(Bloomberg) -- Cole Haan’s most recent debt offering shows investors will still lend to at least some aging clothing brands.
The footwear company is a bright spot in an industry that’s been marred by failures -- Nine West is mired in bankruptcy while Payless is preparing to file for a second time. But Cole Haan, a brand that dates back to 1928 and is now owned by private equity firm Apax Partners LP, has avoided its competitors’ troubles by embracing e-commerce and revamping its products to target millennials and women.
Its success is especially notable given the poor record of retailers that borrowed heavily to fund private equity buyouts. The company raised $290 million last week in a term-loan offering that was oversubscribed by investors.
“Cole Haan has become a success story,” said Raya Sokolyanska, a senior analyst at Moody’s Investors Service, adding the company “was able to reinvent itself by getting two things right: product and digital.”
The company’s sales climbed 8 percent to $647 million last year, according to people with knowledge of its results who aren’t authorized to speak publicly. Earnings before interest, taxes, depreciation and amortization -- a measure of income known as Ebitda -- rose 38 percent to $84 million. The improved financial metrics allowed the company to obtain lower borrowing costs last week.
The performance contrasts sharply with the depressed backdrop for other private equity-owned retailers, many of which have struggled with the elevated debt levels that are characteristic of leveraged buyouts. Higher interest-payment burdens have contributed to a series of retail bankruptcies after the companies had too little financial cushion or leeway to handle shifts in consumer behavior and preferences.
Even so, Cole Haan is paying more to borrow now than it did in 2013, when prospects for specialty retailers, especially those backed by private equity, were far brighter. But whereas many junk-rated retailers would struggle to tap debt markets now, Cole Haan borrowed at terms similar to companies in stronger industries. The retail brand saw such overwhelming demand for its loans, it was able to reduce borrowing costs by 50 basis points from the start of syndication.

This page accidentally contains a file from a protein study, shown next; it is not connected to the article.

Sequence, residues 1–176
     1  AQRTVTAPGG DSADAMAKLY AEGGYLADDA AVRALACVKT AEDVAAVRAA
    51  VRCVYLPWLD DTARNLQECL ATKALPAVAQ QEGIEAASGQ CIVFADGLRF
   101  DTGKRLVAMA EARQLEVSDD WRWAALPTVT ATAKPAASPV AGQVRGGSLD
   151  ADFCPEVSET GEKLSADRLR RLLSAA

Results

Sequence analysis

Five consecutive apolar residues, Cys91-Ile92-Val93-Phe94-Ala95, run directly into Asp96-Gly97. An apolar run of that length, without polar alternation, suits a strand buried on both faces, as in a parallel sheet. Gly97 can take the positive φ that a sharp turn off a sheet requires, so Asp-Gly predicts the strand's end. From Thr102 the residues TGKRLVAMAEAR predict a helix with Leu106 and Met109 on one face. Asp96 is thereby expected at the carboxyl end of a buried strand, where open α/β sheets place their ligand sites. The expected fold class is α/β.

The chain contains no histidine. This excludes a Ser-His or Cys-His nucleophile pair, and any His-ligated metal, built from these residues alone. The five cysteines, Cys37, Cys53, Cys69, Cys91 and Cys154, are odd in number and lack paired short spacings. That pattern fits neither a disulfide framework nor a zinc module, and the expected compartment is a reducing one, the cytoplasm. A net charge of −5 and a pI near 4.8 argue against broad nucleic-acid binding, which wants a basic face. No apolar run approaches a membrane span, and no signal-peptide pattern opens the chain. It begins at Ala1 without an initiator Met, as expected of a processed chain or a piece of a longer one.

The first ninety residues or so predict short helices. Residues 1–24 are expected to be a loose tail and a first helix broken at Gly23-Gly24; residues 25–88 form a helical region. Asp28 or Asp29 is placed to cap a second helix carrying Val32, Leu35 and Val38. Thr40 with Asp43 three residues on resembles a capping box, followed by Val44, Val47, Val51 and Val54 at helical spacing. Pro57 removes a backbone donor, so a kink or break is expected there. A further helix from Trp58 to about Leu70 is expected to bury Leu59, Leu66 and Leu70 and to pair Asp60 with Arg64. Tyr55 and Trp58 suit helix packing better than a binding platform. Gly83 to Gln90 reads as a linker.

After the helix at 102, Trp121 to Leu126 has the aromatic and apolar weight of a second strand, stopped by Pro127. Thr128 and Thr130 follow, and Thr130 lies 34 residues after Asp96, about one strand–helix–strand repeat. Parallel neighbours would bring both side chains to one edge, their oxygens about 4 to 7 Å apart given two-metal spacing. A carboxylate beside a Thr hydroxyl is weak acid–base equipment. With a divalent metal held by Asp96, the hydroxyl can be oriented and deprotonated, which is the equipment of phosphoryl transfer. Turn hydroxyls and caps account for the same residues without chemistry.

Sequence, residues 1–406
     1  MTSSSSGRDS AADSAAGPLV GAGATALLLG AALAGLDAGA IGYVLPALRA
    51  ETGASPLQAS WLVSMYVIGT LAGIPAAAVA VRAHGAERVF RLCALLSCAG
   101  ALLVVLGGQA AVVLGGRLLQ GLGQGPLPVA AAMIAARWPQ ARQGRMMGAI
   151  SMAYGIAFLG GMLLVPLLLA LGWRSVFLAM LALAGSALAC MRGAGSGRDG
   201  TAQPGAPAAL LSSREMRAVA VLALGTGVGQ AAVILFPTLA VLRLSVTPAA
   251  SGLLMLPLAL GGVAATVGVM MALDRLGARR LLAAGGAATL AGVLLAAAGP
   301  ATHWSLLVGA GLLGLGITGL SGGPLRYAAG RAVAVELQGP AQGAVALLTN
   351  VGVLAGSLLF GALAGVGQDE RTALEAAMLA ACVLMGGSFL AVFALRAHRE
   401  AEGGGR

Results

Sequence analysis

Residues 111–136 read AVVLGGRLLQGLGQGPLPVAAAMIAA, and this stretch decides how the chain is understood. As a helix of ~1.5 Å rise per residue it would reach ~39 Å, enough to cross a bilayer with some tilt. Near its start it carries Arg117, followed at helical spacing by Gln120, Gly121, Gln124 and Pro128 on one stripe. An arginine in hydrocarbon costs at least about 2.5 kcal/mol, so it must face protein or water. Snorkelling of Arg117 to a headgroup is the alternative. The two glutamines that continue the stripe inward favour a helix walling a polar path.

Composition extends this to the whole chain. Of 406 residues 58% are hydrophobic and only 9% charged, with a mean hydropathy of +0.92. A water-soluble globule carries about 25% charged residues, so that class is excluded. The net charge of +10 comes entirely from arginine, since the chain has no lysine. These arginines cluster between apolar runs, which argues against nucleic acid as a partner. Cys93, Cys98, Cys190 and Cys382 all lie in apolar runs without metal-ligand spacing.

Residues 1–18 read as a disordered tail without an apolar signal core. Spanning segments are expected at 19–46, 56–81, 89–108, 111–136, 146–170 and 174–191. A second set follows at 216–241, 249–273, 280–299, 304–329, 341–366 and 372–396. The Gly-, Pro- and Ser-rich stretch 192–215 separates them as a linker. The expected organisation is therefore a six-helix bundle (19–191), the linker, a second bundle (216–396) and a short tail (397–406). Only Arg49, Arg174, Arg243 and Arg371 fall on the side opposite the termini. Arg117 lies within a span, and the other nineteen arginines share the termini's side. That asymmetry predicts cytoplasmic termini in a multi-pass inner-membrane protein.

Cole Haan has benefited from having relatively few stores, which allowed it to jump into e-commerce more effectively than their competitors. The New York-based company, now gets almost 30 percent of its North American sales through digital channels -- an attractive selling point for investors.
Its prices are higher than many competitors, with most men’s dress shoes costing $200 to $400, while women’s sandals cost more than $100. Cole Haan also sells accessories such as sunglasses, belts and wallets.
The company’s wholesale outlets, meanwhile, include online Amazon.com Inc. and the upscale department store chain Nordstrom Inc. High demand for Cole Haan products also means its sales are increasingly at full price, which pumps up margins.
“They were able to survive through the secular changes in U.S. retail because they had good products and they invested in the digital channel early,” said Mariola Borysiak, director of the consumer products team at S&P Global Ratings.
As a result, demand from loan investors proved higher than the debt being offered by Cole Haan, which replaced the term loan that was minted in the early days following a leveraged buyout by Apax in 2013. The new deal pushes out the maturity of the term loan by five years to 2025.
The robust demand allowed Cole Haan to reduce its borrowing cost from initial syndication terms. In return for lower pricing, loan investors pushed for stronger covenants, including quarterly management updates and annual calls.
A couple years ago, it wasn’t clear whether Cole Haan would avoid the missteps that plagued its rivals. After being sold to Apax by Nike Inc. in 2013, the company struggled. Its old term loan plunged to almost 67 cents on the dollar in early 2016 as competitor casualties piled up amid the so-called Retail Apocalypse. A Moody’s report from the time said that declining financial metrics strained liquidity and sent leverage skyrocketing to seven times Ebitda.
Even though the chain is now on more solid ground, analysts caution that earnings growth will likely be more modest. S&P notes that Cole Haan is a small player in highly competitive industry and battles against larger firms like VF Corp. and Tapestry Inc. Nike and Adidas AG may steal away market share as well, while Apax’s ownership may limit the upside for debt investors since the private equity firm may attempt to cash out.
“It’s a very volatile segment of retail and the U.S. markets are very saturated,” S&P’s Borysiak said.
(Corrects ebitda figure in fifth paragraph.)
--With assistance from Lisa Wolfson.
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